Apr 9, 2024 - Politics

Colorado teachers seek protections from student attacks

Illustration of an apple looking like an angry face emoji

Illustration: Sarah Grillo/Axios

A pregnant teacher kicked in the stomach. A substitute instructor hit with a metal water bottle. A different teacher targeted by a student throwing feces.

Threat level: The incidents are more common than you might think, our education reporting partners at Chalkbeat write.

  • A recent teachers union survey found about one-third of educators say they've experienced physical assaults from students in their schools in the last two years.

Why it matters: Beyond the physical and emotional toll on teachers, the abuse from students is contributing to turnover in the classroom.

  • About 60% of teachers report they are considering leaving the profession in the near future for various reasons.

What we're watching: Colorado lawmakers are proposing a task force to study how to best address student violence against teachers, weighing how to address mental health gaps and alternative schooling shortages for students in need, rather than disciplinary actions.

  • Right now, the response varies by incident. The goal is to find consensus on new laws or policies ahead of the 2026 legislative session — which may come too late for some teachers.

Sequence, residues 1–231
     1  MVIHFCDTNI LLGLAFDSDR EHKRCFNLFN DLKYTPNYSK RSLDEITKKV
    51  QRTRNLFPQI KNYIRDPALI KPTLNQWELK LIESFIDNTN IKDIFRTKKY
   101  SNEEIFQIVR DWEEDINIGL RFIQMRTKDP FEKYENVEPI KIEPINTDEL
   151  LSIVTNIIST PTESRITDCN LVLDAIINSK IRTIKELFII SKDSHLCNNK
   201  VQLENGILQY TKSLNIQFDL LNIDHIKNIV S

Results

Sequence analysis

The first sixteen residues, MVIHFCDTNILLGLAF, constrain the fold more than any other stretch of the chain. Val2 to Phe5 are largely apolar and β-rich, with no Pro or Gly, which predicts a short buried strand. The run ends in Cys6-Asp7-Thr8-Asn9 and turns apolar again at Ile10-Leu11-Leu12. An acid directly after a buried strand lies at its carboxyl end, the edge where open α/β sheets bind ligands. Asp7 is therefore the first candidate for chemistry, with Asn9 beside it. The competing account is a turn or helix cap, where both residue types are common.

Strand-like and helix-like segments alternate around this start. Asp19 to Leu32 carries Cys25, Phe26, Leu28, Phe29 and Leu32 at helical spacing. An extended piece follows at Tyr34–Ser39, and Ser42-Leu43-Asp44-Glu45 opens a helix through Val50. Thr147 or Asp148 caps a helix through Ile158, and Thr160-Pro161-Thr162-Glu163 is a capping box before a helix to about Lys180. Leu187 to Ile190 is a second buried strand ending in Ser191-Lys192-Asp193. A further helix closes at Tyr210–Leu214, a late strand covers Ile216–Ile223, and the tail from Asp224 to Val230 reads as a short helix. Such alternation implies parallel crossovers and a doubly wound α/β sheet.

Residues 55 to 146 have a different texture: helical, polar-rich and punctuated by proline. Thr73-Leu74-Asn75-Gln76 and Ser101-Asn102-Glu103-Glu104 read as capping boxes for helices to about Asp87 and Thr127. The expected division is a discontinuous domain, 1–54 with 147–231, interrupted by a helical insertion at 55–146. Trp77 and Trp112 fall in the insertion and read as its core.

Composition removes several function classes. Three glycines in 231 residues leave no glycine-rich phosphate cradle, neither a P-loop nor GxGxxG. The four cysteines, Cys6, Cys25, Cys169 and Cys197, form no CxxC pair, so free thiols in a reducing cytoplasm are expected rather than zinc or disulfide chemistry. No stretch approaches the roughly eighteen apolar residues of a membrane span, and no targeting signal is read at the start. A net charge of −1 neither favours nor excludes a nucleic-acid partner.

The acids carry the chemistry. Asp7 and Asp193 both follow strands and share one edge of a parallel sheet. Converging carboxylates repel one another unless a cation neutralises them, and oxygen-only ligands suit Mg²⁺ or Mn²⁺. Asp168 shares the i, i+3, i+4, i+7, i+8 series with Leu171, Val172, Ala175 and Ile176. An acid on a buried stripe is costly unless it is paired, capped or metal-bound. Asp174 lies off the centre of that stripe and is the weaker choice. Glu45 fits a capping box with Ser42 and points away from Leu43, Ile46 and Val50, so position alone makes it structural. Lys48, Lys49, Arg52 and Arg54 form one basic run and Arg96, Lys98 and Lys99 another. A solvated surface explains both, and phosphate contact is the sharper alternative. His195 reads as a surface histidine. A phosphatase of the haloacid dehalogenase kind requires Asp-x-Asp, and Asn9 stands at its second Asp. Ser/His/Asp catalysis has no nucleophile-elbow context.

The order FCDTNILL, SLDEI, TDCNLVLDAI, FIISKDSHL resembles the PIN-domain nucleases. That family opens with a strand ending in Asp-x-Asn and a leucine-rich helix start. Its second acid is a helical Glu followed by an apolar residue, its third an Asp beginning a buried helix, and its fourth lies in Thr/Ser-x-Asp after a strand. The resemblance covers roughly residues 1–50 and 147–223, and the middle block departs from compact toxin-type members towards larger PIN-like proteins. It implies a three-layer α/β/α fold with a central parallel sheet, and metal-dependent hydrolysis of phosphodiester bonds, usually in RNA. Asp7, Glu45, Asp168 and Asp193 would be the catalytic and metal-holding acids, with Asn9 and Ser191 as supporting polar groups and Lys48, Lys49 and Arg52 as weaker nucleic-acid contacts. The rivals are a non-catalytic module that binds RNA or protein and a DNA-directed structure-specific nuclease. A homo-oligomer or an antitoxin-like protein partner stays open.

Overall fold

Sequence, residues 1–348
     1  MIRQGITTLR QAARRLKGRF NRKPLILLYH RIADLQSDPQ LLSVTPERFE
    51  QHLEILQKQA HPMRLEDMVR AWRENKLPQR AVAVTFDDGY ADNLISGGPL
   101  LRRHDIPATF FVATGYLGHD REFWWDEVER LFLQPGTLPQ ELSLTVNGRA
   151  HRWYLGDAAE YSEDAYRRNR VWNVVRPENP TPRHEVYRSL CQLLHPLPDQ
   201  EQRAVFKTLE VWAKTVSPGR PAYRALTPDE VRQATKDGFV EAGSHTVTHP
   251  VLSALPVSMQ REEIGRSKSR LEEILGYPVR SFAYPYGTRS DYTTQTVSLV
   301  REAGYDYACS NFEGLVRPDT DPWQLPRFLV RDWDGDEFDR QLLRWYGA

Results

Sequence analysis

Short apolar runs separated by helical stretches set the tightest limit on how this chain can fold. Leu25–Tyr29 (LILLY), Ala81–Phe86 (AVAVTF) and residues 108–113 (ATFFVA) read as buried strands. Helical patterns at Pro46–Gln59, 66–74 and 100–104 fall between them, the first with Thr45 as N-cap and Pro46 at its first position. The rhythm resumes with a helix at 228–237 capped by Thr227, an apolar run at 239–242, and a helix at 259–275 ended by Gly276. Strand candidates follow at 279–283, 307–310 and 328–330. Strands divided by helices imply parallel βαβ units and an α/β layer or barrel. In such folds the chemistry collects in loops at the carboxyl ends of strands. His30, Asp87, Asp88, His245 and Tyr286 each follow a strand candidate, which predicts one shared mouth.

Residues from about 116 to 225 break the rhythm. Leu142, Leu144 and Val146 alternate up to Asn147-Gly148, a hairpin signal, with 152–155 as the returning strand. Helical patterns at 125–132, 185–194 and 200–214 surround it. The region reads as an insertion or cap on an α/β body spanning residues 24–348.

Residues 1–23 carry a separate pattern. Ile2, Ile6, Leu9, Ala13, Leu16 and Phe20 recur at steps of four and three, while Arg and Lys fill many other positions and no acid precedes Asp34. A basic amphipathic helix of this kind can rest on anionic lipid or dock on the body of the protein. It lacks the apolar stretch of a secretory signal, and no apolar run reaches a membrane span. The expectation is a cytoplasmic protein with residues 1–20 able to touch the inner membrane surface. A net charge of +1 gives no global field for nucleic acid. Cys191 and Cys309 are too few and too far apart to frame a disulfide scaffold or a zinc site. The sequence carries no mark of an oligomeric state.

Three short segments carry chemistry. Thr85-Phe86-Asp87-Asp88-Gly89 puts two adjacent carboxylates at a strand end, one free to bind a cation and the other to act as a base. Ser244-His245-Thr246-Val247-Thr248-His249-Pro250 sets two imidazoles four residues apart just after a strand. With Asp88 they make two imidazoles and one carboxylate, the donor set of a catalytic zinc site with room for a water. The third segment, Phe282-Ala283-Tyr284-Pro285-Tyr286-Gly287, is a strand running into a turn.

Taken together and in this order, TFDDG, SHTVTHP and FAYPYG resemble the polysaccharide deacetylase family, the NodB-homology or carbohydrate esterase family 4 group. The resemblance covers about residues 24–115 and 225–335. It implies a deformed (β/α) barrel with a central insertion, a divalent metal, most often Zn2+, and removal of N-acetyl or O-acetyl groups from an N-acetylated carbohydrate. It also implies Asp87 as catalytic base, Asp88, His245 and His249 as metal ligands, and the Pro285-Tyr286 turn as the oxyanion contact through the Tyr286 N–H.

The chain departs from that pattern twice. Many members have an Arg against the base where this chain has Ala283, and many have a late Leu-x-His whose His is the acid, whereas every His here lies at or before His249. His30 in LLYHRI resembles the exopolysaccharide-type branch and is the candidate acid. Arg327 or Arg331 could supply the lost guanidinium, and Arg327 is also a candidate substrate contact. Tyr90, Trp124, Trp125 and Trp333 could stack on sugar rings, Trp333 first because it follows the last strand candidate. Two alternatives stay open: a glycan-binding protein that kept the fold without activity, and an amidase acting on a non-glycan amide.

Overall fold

What they're saying: "We need help," said Kallie Leyba, the American Federation of Teachers Colorado president, which represents teachers in Douglas County, told lawmakers.

  • "The kids are not all right. And the educators are not all right."

Friction point: The legislation — which needs money in a tight budget year to pass — would require the task force to avoid the topic of student discipline and block any recommendations that lead to more students being sent to law enforcement.

  • Democratic bill writers want it more focused on student resource gaps and funding shortages.

The other side: ​​That led Republican lawmakers to object to the legislation. They insist discipline needs to be a part of the conversation — and want the state to act more quickly to address the problem.

  • "If a student is beating up teachers, then what is the task force supposed to do about that scenario? What is their policy supposed to be if it doesn't include discipline?" Rep. Don Wilson (R-Monument) asked at a recent committee hearing.

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